It's often a warning sign when a stock slips under $5 a share.
Also known as penny-stock range, the $5-and-under bin is generally reserved for companies that have fallen from greater heights: busted start-ups, legacy companies that failed to adapt and are now creeping toward bankruptcy, or struggling turnaround plays. Many are maneuvering to avoid falling below $1, where they would run the risk of being delisted from major exchanges.
However, occasionally investors can find a steal in the bargain bin. Companies that have already lost so much of their value can have huge upside potential for long-term investors, if it turns out that they were only facing temporary setbacks.
Shares of China's top online used car dealer have taken a roller-coaster ride since its IPO last June. The offering was priced at $9 a share, but Uxin's timing was unfortunate as Chinese stocks broadly fell last year amid concerns about a slowing economy and trade tensions with the U.S.
After falling steadily throughout the second half of 2018, the stock surged in December after the company announced a partnership with Alibaba's (NYSE: BABA) Taobao marketplace to open an online shopping mall. The Uxin Taobao Marketplace facilitated 2,000 used car sales in the first 18 hours of Taobao's Double 12 shopping holiday on Dec. 12.
However, the stock promptly gave back nearly all of those gains, and after a more modest bump in 2019, shares have fallen below $3.
Uxin is still significantly unprofitable -- it generated an operating loss of $373.9 million last year. But it's taking steps to narrow its losses. It held sales and marketing expenses flat in the fourth quarter, and slashed its operating loss by nearly half to $38.8 million. Since sales and marketing is the company's biggest expense category, Uxin should reach profitability sooner than most observers think if it can continue to control marketing spending.
Meanwhile, its top-line growth remains impressive, as does the long-term opportunity in front of it. Revenue jumped 70% last year, and 61.6% in the fourth quarter; analysts forecast a further 54% increase this year.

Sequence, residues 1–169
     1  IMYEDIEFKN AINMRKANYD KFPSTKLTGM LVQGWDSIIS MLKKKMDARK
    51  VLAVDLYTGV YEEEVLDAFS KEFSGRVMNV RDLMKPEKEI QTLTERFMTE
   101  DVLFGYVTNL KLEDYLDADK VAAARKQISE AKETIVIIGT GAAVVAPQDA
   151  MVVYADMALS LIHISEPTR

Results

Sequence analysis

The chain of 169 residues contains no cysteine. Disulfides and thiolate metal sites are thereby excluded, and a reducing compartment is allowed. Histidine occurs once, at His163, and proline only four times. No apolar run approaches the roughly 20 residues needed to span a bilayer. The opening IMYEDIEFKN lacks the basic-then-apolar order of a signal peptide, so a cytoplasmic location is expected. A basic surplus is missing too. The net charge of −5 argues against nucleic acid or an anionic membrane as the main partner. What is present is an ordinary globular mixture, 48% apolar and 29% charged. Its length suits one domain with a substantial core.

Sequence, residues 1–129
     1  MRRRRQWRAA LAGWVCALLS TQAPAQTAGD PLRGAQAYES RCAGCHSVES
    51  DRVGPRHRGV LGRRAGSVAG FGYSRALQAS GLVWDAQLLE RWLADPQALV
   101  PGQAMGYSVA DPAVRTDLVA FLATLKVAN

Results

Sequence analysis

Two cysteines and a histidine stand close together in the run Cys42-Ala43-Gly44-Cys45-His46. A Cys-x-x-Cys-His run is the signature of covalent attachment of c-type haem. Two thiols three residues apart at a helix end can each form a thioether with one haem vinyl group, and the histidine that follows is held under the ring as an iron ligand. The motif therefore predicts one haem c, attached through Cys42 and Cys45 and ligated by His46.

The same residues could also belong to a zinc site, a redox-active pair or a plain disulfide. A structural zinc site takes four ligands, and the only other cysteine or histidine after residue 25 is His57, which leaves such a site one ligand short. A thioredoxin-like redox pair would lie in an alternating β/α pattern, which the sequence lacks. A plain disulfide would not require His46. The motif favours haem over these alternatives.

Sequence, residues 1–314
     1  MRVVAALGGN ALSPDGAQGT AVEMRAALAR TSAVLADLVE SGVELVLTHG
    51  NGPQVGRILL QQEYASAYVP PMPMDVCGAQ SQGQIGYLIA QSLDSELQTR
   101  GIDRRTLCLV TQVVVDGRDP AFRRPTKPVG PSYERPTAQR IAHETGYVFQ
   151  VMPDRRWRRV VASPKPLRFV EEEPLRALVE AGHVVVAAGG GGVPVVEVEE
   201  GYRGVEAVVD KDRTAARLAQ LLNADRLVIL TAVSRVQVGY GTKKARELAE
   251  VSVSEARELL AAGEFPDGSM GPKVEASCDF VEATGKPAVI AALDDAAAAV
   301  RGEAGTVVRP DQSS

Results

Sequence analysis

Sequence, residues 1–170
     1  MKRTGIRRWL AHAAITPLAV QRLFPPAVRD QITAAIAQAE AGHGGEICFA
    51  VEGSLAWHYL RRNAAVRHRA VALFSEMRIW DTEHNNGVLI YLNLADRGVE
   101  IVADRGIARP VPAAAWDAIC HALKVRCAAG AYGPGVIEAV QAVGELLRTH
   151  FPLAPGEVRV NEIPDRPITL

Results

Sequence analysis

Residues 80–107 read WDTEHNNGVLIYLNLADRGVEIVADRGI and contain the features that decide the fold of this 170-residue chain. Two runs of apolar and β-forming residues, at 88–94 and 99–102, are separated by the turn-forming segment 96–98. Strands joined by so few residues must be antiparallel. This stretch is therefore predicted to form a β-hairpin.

China is now the world's biggest car market, and Uxin accounts for more than 40% of online used car sales in the country. Its marketplace model, under which it makes money on commissions and loan facilitation, should eventually turn profitable; most mature e-commerce marketplaces are high-margin businesses.
Considering its growth rate, the stock looks cheap at price-to-sales ratio of less than 2, and with a market cap of under $1 billion, it's much smaller than its $12.7 billion American counterpart, Carmax. Another catalyst like the Taobao tie-up or improving financials could send Uxin stock surging higher.
Another intriguing Chinese company is premium electric car-maker NIO. Its share price recently dipped below the $5 mark after it gave disappointing guidance in its fourth-quarter earnings report.
NIO sometimes draws comparisons to Tesla, though those are probably premature, as NIO only started delivering cars in the past year. Still, the company could have a bright future ahead of it. It has received backing from Chinese heavyweights Tencent and Baidu, and the long-term opportunity for electric vehicle manufacturers looks bright because of the country's urban areas that are notorious for air pollution.
However, car sales have begun in decline in China for the first time in two decades due to fears of an economic slowdown, and also due to the expiration of temporary tax break at the end of 2017.
In its March earnings report, management predicted its car deliveries would fall sequentially in Q1, and indicated that it saw challenges continuing into Q2 due a cut in a key EV subsidy, as well as ongoing macroeconomic uncertainty. That guidance and the trend of sliding auto sales more broadly have led investors to push the stock price down by more than 50% since the Q4 report was issued.
Still, the overall picture favors electric-vehicle makers like NIO: EV sales in China rose 62% last year to 1.26 million, including plug-in hybrids. Further, the government in Beijing has set a target that 20% of all auto sales in the country should be electric vehicles by 2025.
The next few months could be rough for NIO, given the company's guidance and the recent subsidy cut, but it should return to sequential growth later in the year after it begins producing its ES6, a smaller SUV than the ES8, its only vehicle currently in production.
Like Uxin, NIO's future looks promising, given the secular growth expected in China's electric vehicle market. It's a competitive space, but the company's early results have been solid, and reviews are strong. With the stock trading below $5 for the first time since September's IPO, investors can get a piece of this potential growth star at a bargain price.